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Munising is owned principally by a company of Philadelphians, who have erected several houses, a large and commodious hotel, wharf, etc., which will afford comfortable accommodations to the tourist, pleasure seeker, or the invalid. The climate of Lake Superior for the weak, infirm, or consumptive, is no longer a matter of supposition; astonishing cures having been effected by simply one summer's residence there. But its greatest attraction is the “Pictured Rocks,” which commence at this point and extend east about ten miles, and are so called from the various forms and colors presented by the rocks forming the shore of the lake. These rocks are of fine laminated sandstone, rising from 150 to 300 feet above the water level, and received the name of “Pictured ” from the brilliant colors formed from the oxides and sulphurets of metals, and vegetable fungi, which, by combination, form the most various pictures, and which, by the least imagination, assume the forms of ancient temples, religious processions, prairies, buffalo hunts, portraits, and humerous scenes, until one is almost persuaded he is looking upon the magnificent works of the ancient masters, and not of nature. Among these, cataracts, falls and rivulets, are pitching down in mighty volume, or dissipating their torrents into smoky mist.

Munising, from its position and harbor, is destined to be a place of importance, and offers great inducements to persons seeking to improve their fortunes in the north-west. Its position and harbor being the best on the lake, and the transit route across saving so much in time, distance and cost, will command the travel and light freight for all Lake Superior. The fisheries, lumber, and iron in its vicinity, y ere long create a commerce of vast importance and Value.

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CONSTITUTION OF WISCONSIN–STATE GOVERNMENT AND INSTITUTIONS.–POST-0FFICES IN WISCONSIN – LIST OF NEWSPAPERS.

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WE, the people of Wisconsin, grateful to Almighty God for our freedom, in order to secure its blessings, form a more perfect government, insure domestic tranquillity, and promote the general welfare, do establish this Constitution.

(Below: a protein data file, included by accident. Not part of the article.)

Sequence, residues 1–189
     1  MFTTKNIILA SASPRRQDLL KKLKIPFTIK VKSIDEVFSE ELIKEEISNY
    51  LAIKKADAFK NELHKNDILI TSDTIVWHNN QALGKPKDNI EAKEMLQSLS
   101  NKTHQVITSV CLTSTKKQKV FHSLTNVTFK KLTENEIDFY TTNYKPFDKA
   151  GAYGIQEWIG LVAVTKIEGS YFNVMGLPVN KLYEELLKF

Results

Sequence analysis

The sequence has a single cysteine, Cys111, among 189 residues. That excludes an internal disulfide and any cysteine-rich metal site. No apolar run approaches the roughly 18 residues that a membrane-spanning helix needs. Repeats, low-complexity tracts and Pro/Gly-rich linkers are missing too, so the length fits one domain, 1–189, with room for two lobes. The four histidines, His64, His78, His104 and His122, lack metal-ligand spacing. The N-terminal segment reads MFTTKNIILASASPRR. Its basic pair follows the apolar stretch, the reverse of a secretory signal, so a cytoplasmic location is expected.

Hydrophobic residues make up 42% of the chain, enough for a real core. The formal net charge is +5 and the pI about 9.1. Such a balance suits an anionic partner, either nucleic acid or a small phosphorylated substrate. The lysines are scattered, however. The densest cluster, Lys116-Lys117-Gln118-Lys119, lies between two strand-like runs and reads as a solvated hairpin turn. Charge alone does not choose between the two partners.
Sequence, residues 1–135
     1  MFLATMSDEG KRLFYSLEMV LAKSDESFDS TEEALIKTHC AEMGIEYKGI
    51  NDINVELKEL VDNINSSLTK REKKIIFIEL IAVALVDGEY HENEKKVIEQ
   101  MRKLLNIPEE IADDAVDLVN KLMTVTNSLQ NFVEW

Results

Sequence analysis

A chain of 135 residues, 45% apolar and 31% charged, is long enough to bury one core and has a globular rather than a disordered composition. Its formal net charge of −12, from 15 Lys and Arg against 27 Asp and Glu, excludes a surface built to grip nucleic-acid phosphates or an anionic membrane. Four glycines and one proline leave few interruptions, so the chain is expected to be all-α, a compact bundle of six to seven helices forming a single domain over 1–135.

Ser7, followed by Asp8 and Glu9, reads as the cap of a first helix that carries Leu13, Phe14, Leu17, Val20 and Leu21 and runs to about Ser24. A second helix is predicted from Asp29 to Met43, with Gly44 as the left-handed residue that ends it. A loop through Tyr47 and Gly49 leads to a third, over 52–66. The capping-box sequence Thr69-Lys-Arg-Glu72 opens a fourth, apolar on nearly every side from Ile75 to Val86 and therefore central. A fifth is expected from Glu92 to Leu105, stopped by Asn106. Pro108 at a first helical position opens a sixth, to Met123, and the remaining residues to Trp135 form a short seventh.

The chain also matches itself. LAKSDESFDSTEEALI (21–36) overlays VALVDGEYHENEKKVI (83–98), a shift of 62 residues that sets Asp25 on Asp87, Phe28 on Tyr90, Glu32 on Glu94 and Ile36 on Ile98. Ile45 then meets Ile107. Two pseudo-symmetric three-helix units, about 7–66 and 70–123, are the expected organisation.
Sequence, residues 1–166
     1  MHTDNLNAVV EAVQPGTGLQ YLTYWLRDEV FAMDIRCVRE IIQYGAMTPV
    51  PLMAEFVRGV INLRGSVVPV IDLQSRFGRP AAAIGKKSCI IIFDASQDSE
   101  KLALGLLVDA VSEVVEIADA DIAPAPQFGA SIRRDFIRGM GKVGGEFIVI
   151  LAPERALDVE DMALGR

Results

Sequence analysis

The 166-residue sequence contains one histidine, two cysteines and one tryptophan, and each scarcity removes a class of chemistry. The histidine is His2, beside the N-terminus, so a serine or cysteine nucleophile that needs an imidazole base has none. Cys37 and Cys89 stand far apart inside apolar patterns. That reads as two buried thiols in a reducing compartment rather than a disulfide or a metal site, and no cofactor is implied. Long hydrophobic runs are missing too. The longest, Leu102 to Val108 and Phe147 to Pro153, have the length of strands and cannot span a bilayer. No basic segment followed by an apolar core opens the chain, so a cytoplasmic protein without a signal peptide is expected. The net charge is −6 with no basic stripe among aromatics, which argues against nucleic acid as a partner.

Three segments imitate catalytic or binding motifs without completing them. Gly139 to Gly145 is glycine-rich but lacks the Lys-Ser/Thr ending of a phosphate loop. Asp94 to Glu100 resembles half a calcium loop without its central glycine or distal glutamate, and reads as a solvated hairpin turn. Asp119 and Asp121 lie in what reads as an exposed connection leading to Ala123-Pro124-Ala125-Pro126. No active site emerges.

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SECTION 1. All men are born equally free and independent, and have certain inherent rights: among these are life, liberty, and the pursuit of happiness. To secure these rights, governments are instituted among men, deriving their just powers from the consent of the governed. 2. There shall be neithers lavery nor involuntary servitude in this State, otherwise than for the punishment of crime, whereof the party shall have been duly convicted. 3. Every person may freely speak, write and publish his sentiments on all subjects, being responsible for the abuse of that right, and no laws shall be passed to restrain or abridge the liberty of speech or of the press. In all criminal prosecutions or indictments for libel, the truth may be given in evidence; and if it shall appear to the jury that the matter charged as libellous be true, and was published with good motives, and for justifiable ends, the party shall be acquitted; and the jury shall have the right to determine the law and the fact. 4. The right of the people peaceably to assemble to consult for the common good, and to petition the government or any department thereof, shall never be abridged. 5. The right of trial by jury shall remain inviolate; and shall extend to all cases at law, without regard to the amount in controversy; but a jury trial may be waived by the parties in all cases, in the manner prescribed by law. 6. Excessive bail shall not be required, nor shall excessive fines be imposed, nor shall cruel and unusual punishments be inflicted. 7. In all criminal prosecutions, the accused shall enjoy the right to be heard by